Nawarla Gabarnmang Charcoal Drawing
The Oldest Prehistoric Art in Australia.

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Cave Paintings on the ceiling and
pillars of Nawarla Gabarnmang
rock shelter, Arnhem Land,
Northern Territory, Australia.

Nawarla Gabarnmang Charcoal Drawing
(c.26,000 BCE)


The Rock Shelter
The Archeology
The Charcoal Drawing
The Paintings
Aboriginal Rock Art
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Rock fragment bearing traces of a
charcoal drawing, carbon-dated to
26,000 BCE. It is the oldest work of
art ever found in Australia.


The oldest Aboriginal rock art in Australia - that is, the oldest confirmed rock art - is the charcoal drawing found on a rock fragment during the excavation of Nawarla Gabarnmang, a rock shelter in Jawoyn Country, south-western Arnhem Land, in Australia's Northern Territory. Carbon dated to roughly 26,000 BCE, the drawing is the earliest art yet discovered in Australasia, or indeed anywhere within the zone of Oceanic art. The discovery was made by Professor Bryce Barker, an archeologist from the University of Southern Queensland (USQ), who was working with USQ researcher Dr Lara Lamb in the Nawarla Gabarnmang archeological site, which was first occupied by humans 45,000 years ago. Like the chambers containing the Lascaux cave paintings in France, the Gabarnmang shelter is covered with a mass of paintings of differing ages and styles, involving a high degree of superimposition. The oldest archeological layers at the site are still being investigated, and further finds of even older prehistoric art are possible. Arnhem Land has long been known as a rich area of Stone Age art, famous for the Aboriginal galleries of Ubirr rock painting at Kakadu National Park, and close to the ancient sites of Kimberley rock art in the northernmost region of Western Australia. It was in Kimberley where researchers recently dated one of the Bradshaw paintings (now known as Gwion art) to at least 15,500 BCE. Furthermore, the recent discovery of the very ancient Sulawesi Cave art (Indonesia) (37,900 BCE) suggests that Paleolithic sites in Kimberley may contain art that is equally old.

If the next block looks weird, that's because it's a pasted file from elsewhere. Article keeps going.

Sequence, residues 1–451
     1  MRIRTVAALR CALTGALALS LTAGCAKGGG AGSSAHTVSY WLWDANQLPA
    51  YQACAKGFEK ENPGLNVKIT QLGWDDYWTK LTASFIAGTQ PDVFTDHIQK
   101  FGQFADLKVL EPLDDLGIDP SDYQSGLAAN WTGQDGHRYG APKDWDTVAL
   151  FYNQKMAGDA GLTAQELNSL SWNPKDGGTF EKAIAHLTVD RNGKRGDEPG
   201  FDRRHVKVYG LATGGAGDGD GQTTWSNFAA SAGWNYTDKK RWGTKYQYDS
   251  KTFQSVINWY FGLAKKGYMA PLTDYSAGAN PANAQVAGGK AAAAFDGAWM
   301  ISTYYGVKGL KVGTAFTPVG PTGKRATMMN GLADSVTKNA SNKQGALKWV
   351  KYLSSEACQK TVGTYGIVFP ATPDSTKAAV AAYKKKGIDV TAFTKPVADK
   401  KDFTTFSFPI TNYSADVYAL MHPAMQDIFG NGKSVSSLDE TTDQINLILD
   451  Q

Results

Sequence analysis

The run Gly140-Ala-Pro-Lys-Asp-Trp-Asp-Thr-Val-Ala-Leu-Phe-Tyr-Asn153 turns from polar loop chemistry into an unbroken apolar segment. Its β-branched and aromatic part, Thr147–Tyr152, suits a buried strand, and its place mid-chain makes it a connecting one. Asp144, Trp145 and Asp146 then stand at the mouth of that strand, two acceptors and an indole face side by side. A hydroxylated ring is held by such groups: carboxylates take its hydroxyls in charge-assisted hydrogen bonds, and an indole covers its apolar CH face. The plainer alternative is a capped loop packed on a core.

Note: To put Nawarla Gabarnmang into context, the oldest art created by modern humans includes the Blombos Cave engravings (70,000 BCE) and the Diepkloof Eggshell Engravings (60,000 BCE) in South Africa, and the El Castillo Cave paintings (39,000 BCE) in Spain. For more, see: Prehistoric Art Timeline (from 2.5 million BCE).


Although the Jawoyn Country rock shelter was well known among the contemporary Aborigine community as a beautifully decorated ceremonial site - senior Elders Wamud Namok and Jimmy Kalarriya recalled seeing the shelter's cave painting during their first visits back in about 1935 - it was rediscovered by scientists in 2006 during an aerial survey of the area, in connection with an archeological project in Arnhem Land called "Connecting Country". This collaborative project, requested by the Aboriginal Jawoyn Association, is led by Dr Bruno David of Monash University, and also involves Professor Barker and Dr Lamb (USQ), as well as leading French specialists including Professor of Archeology Jean-Michel Geneste (University of Bordeaux) and geomorphologist Professor Jean-Jacque Delannoy (University of Savoie). Once the shelter had been pinpointed, but before the archeologists began their excavation, Robert Gunn conducted an extensive examination of its parietal art, which includes rock engravings and some abstract signs as well as the wonderful multi-coloured figurative paintings.